|NOT my SAT score; NOT my address|
on Pennsylvania Ave., NOT my number of Facebook friends,
NOT my bank balance, NOT ... all sorts of stuff ...
1. For Father's Day, our son had found somewhere online an Oklahoma license plate from 1944 (the year I was born); he bought it; got it; forgot it. (He is, in many ways, most definitely my son!) But on Sunday night we were down at their place in Green, and his wife, Melissa, reminded him about it. And now he knew right where it was. And now it's in our house. And it's looking the worse for wear (as I am).
I just this moment checked a website that confirms my memory! Five was the Garfield Co. code between 1952-61. I turned eight in 1952, so that was about the time I started paying attention. (Link to list of Oklahoma codes.) In 1944, however, the code was 9. In 1944, 58 was the designation for Woods County, a little west of Enid; Alva, the Woods County seat, we had been to and through a number of times. So, I am declaring right now: I saw this very car in Alva when I was too young to remember.
2. Not long ago, one of my word-a-day calendars featured the word pridian, a word I didn't know (but I know it now!). It's pronounced--as you see--PRIH-dee-uhn.
That word bounced and banged around in my head a bit, and it made me remember some books I used to urge on my middle-schoolers back in the mid-1970s: Lloyd Alexander's YA fantasy novels, collectively called The Chronicles of Prydain. They all featured Ged, a boy training to be a wizard (hmmmmm ...), in the kingdom of Prydain. In my thin-thin-thin file on the books (what happened to all the other stuff?!) I found a "pronouncing guide" to the books, and Prydain is prih-DANE.
But it got me wondering ... was Lloyd Alexander being cutsie? Using for the name of his fictional kingdom a version of the word that means yesterday or in a previous time? I just checked the OED, hoping to see prydain as a variant spelling. Nope. But I'm gonna go with it, anyway.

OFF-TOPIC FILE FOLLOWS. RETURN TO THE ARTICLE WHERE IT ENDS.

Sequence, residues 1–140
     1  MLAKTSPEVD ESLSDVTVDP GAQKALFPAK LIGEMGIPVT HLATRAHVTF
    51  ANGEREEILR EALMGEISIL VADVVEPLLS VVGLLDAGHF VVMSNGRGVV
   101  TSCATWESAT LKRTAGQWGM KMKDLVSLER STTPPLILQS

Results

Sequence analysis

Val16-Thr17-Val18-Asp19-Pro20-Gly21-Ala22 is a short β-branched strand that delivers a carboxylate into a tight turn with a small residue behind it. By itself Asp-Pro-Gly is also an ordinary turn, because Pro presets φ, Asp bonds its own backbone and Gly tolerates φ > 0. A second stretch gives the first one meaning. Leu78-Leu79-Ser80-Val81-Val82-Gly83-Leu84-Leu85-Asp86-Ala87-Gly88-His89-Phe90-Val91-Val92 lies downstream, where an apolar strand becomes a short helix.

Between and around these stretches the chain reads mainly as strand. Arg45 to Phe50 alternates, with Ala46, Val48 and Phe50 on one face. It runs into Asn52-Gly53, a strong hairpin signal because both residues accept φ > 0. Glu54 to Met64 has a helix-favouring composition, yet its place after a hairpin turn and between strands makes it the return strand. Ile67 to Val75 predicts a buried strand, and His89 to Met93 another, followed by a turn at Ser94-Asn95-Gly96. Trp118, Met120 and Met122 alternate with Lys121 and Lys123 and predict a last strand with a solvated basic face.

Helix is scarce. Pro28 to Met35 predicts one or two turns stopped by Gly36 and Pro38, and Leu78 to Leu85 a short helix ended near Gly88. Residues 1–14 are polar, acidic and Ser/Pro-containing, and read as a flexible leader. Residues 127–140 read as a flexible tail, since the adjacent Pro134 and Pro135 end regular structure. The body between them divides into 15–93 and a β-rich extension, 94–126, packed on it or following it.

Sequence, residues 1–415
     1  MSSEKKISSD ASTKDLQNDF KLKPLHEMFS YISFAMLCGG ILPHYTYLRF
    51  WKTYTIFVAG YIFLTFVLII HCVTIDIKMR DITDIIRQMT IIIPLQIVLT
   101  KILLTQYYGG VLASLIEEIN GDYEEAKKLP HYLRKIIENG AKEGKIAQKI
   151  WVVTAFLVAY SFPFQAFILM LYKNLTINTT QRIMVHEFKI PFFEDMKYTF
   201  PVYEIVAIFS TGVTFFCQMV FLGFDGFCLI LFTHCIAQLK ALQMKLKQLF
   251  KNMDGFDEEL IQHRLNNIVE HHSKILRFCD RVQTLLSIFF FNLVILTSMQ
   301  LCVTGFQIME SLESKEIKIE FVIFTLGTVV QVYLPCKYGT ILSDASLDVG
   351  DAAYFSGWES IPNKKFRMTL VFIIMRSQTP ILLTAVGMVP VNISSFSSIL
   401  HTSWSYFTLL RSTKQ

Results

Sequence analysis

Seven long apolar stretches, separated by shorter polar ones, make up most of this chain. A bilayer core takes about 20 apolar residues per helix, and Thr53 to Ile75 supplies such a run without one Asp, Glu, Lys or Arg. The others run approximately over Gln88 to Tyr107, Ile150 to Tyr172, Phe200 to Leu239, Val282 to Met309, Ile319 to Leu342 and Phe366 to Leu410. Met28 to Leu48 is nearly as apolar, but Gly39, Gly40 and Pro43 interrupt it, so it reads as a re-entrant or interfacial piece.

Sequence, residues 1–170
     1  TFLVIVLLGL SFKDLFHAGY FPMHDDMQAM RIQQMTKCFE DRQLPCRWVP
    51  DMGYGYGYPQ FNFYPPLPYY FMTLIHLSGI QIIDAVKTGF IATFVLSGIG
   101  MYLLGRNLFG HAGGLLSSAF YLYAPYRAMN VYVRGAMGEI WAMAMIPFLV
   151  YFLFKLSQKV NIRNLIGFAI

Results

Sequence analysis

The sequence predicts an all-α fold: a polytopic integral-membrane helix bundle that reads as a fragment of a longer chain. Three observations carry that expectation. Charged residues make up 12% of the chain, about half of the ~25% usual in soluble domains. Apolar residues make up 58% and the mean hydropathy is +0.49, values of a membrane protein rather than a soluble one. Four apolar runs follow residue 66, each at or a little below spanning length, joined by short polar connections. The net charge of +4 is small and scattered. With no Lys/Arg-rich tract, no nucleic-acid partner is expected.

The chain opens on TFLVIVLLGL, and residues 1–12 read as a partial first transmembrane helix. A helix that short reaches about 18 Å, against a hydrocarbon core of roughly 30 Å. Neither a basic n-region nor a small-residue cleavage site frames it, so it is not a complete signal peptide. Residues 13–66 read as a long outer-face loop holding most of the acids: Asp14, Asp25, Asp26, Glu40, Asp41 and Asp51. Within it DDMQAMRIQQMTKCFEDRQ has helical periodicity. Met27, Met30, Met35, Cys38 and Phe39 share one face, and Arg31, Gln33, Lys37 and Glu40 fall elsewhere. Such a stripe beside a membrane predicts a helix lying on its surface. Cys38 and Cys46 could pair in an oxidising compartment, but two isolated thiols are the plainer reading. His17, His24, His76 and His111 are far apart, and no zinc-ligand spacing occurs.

Alexander, by the way, died in mid-May 2007. So he lived to see Harry-Potter-Mania. (Wonder what he thought of it? Maybe some guy wrote a novel about a white whale and a crazy captain named Carl and called it Carl the Crazy Captain and the White Whale, and then Melville came along?) My "Alexander" folder does have his obituary that I cut from the New York Times on May 19, 2007.
Years ago--back in my frenzy about the books--Alexander spoke at a convention of the National Council of Teachers of English. I want to say it was in Philadelphia, but I'm not sure (like a dope I didn't save the program, apparently). Anyway, I stood in the back and took picture after picture with a telephoto lens (no flash: I was sensitive!). But he noticed me and gave me a weird look a couple of times while he was speaking. But I'm used to that, weird looks. I had some great pictures I hung on my classroom wall for a couple of years. Where are they now? Ask my son, I guess. Cuz I do not know.
3. Finally--I let a milepost slip by. My 1600th post on DawnReader was on Sunday. And, as is my wont, I checked my (not all that impressive) numbers: Over the life of the blog, I've had 275,703 hits. That's 172 hits/post. A nice comfy number. But nothing to write home about (so I won't). I began on January 6, 2012 (link that that 1st post). I called it "I Am Born"--a Dickens allusion: It's the title of Chapter One of David Copperfield. And I've been fairly regular, missing days now and then for reasons ranging from health to depression to laziness to dotage.
But--as I've said before--I'm writing these, really, for myself. To get things down. To give my son and grandsons something to check out, later on, when I've checked out ...